Inflation in the U.S. has spiked as much as +5% by some measures, with only slim signs of relief on the horizon. The latest ISM Purchasing Managers Index showed input prices rose for the thirteenth month in a row in June. ISM says record-long lead times, shortages of raw materials, and transportation difficulties also continue to hinder production across all segments of the manufacturing economy. Virtually all basic and intermediate manufacturing materials are experiencing price increases as a result of product scarcity and the dynamics of supply and demand, according to ISM.
The good news is that some manufacturing backlogs and transportation challenges have eased a bit. And in spite of the difficulties, manufacturing continues to expand at strong levels amid increasing demand. Businesses and consumers alike are looking at substantially higher energy prices this summer with oil prices popping back above the $75 mark last week.
What to expect this week?
Turning to this week, keep in mind markets are closed Monday in observance of July 4th, so there are only four full trading days. The week is typically a slower one for markets with a lot of people using the holiday to take an extended break.
Economic data this week is very slow with just ISM Non-Manufacturing on Tuesday and Consumer Credit on Thursday. Looking a little further out, the week of July 13 brings the “unofficial” start of second-quarter earnings season.
Analyst expectations for S&P 500 earnings growth is nearly +62%. Some analysts are worried about a steep slowdown in earnings growth thanks to elevated year-ago comparisons and continued fallout from massive supply chain dislocation. There are also questions as to whether earnings will continue to surprise to the upside and whether those “beats” will be enough to keep the bulls excited.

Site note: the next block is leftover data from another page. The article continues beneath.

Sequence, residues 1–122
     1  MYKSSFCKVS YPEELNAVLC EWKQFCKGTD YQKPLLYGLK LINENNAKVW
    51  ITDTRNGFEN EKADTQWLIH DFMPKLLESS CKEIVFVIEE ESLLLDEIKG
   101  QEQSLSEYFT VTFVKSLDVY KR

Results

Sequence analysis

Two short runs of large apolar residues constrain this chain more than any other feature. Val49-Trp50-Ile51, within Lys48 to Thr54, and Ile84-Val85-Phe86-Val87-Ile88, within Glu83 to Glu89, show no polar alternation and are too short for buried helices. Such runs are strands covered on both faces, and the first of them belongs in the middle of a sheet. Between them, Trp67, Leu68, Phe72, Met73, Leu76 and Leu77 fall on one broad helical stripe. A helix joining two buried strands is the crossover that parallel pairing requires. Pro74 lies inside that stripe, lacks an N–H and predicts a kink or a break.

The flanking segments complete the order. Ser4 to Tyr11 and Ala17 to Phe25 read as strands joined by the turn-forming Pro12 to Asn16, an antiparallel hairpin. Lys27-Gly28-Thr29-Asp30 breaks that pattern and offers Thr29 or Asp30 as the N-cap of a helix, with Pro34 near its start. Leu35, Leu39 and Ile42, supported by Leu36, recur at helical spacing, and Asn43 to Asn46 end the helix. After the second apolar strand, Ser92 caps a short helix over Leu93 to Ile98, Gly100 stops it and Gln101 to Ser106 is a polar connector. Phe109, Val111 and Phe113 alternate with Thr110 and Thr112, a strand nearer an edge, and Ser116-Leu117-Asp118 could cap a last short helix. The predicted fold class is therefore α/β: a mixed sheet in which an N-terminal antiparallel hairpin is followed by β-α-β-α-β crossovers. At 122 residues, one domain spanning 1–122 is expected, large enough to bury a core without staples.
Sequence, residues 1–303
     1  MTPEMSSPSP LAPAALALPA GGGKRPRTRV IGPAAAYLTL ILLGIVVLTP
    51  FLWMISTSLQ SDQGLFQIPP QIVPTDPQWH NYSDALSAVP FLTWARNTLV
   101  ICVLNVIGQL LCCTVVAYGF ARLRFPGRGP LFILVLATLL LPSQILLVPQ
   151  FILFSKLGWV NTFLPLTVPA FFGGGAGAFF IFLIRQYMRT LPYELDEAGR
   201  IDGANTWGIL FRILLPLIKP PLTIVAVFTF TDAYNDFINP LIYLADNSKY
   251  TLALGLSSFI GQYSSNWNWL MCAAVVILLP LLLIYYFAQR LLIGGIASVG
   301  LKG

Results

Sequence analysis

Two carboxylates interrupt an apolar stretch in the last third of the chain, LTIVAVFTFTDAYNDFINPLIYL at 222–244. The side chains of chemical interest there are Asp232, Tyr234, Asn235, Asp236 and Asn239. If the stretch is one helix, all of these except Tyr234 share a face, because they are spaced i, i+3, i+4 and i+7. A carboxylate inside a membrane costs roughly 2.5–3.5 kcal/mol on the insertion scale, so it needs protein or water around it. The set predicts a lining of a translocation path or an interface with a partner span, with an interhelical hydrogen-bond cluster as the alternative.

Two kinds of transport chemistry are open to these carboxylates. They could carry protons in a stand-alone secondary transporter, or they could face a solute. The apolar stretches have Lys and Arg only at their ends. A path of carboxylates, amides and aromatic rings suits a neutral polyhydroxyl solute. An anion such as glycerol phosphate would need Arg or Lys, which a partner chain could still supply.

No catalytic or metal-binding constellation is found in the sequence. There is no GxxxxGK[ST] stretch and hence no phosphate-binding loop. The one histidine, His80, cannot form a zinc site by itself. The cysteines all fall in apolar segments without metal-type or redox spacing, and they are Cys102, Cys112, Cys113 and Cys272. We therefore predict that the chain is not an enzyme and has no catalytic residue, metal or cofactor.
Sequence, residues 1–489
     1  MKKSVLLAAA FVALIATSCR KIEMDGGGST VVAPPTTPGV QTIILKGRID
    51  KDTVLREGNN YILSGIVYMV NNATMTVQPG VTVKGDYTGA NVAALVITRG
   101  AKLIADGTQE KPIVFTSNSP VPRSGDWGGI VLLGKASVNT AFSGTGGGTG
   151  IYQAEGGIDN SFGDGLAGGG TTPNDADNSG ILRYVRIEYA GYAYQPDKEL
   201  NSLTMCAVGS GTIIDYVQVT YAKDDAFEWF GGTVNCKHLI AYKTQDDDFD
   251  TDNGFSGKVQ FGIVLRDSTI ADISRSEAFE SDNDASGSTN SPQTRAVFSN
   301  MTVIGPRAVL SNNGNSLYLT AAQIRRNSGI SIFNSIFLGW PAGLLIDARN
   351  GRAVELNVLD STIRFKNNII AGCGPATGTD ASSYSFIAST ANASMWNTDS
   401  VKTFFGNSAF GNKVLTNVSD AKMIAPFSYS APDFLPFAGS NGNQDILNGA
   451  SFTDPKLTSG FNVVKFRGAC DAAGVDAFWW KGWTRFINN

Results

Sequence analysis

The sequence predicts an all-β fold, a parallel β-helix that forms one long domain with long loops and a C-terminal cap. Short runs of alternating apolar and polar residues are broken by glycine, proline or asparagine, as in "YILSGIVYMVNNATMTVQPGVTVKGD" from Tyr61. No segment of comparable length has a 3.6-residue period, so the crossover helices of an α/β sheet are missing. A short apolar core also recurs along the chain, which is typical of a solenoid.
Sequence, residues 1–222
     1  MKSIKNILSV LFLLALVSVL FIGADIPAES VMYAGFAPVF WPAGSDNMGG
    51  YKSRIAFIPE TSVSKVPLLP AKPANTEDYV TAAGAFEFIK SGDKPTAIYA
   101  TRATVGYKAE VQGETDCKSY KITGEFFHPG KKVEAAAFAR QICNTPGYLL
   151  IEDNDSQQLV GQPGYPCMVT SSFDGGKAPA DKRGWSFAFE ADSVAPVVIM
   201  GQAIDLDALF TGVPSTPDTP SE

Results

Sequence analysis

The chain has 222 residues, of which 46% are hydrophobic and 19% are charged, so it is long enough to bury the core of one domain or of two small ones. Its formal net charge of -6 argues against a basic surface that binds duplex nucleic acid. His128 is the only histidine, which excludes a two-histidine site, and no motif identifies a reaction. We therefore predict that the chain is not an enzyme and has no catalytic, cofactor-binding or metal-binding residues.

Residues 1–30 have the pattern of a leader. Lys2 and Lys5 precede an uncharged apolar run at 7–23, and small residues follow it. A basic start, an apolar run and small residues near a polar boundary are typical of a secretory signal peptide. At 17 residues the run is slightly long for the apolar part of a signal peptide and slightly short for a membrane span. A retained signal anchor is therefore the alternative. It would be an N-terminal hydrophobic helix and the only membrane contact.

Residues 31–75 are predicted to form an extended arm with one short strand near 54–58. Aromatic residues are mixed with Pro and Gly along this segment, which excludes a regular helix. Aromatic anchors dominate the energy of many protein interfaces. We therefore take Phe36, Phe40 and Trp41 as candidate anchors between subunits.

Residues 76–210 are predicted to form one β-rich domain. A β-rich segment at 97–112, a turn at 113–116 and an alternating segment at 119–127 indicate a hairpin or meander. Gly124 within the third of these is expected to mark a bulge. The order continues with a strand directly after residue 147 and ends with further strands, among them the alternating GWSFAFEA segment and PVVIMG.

Stock bulls of course believe there is plenty of room for further growth ahead. U.S. consumers, whose spending accounts for two-thirds of U.S. GDP, have built up $2.6 trillion in “excess savings” according to a Moody’s.
Consumer spending in the second half of the year is expected to continue shifting more toward services rather than goods. However, there is still a lot of pent up demand for goods, especially those that have been in short supply (cars, electronics, lumber) so this shift may not play out as dramatically as some expect. Meanwhile, the services sector is still suffering from a severe labor shortage that will likely take many months to level out, meaning the amount of money flowing into services could remain limited because of supply constraints.
The supply constraints for both goods and services also means that consumers will be forced to spend all this “excess” cash more slowly, which many economists argue is actually better for economic stability in the long run.
For what it’s worth the S&P 500 has posted 34 new all-time highs during just the first half of 2021.
What To Trade This Week? Fundamental & Technical Analysis by Inna Rosputnia
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